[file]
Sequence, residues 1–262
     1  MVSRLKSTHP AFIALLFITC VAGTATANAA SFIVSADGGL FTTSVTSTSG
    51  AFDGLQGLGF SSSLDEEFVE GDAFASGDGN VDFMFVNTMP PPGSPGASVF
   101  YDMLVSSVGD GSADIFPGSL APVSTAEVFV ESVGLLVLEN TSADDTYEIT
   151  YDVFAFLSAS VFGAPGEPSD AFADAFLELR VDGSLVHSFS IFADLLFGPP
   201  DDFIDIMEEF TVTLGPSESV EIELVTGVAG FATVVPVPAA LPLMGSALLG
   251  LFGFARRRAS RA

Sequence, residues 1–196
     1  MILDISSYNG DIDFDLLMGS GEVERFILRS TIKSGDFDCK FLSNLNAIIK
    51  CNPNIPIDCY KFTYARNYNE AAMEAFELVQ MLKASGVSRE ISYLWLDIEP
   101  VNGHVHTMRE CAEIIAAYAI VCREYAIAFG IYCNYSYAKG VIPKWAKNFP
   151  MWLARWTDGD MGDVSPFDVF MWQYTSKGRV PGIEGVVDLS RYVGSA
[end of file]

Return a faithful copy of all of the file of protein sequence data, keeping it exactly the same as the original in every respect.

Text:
Sequence, residues 1–262
     1  MVSRLKSTHP AFIALLFITC VAGTATANAA SFIVSADGGL FTTSVTSTSG
    51  AFDGLQGLGF SSSLDEEFVE GDAFASGDGN VDFMFVNTMP PPGSPGASVF
   101  YDMLVSSVGD GSADIFPGSL APVSTAEVFV ESVGLLVLEN TSADDTYEIT
   151  YDVFAFLSAS VFGAPGEPSD AFADAFLELR VDGSLVHSFS IFADLLFGPP
   201  DDFIDIMEEF TVTLGPSESV EIELVTGVAG FATVVPVPAA LPLMGSALLG
   251  LFGFARRRAS RA

Sequence, residues 1–196
     1  MILDISSYNG DIDFDLLMGS GEVERFILRS TIKSGDFDCK FLSNLNAIIK
    51  CNPNIPIDCY KFTYARNYNE AAMEAFELVQ MLKASGVSRE ISYLWLDIEP
   101  VNGHVHTMRE CAEIIAAYAI VCREYAIAFG IYCNYSYAKG VIPKWAKNFP
   151  MWLARWTDGD MGDVSPFDVF MWQYTSKGRV PGIEGVVDLS RYVGSA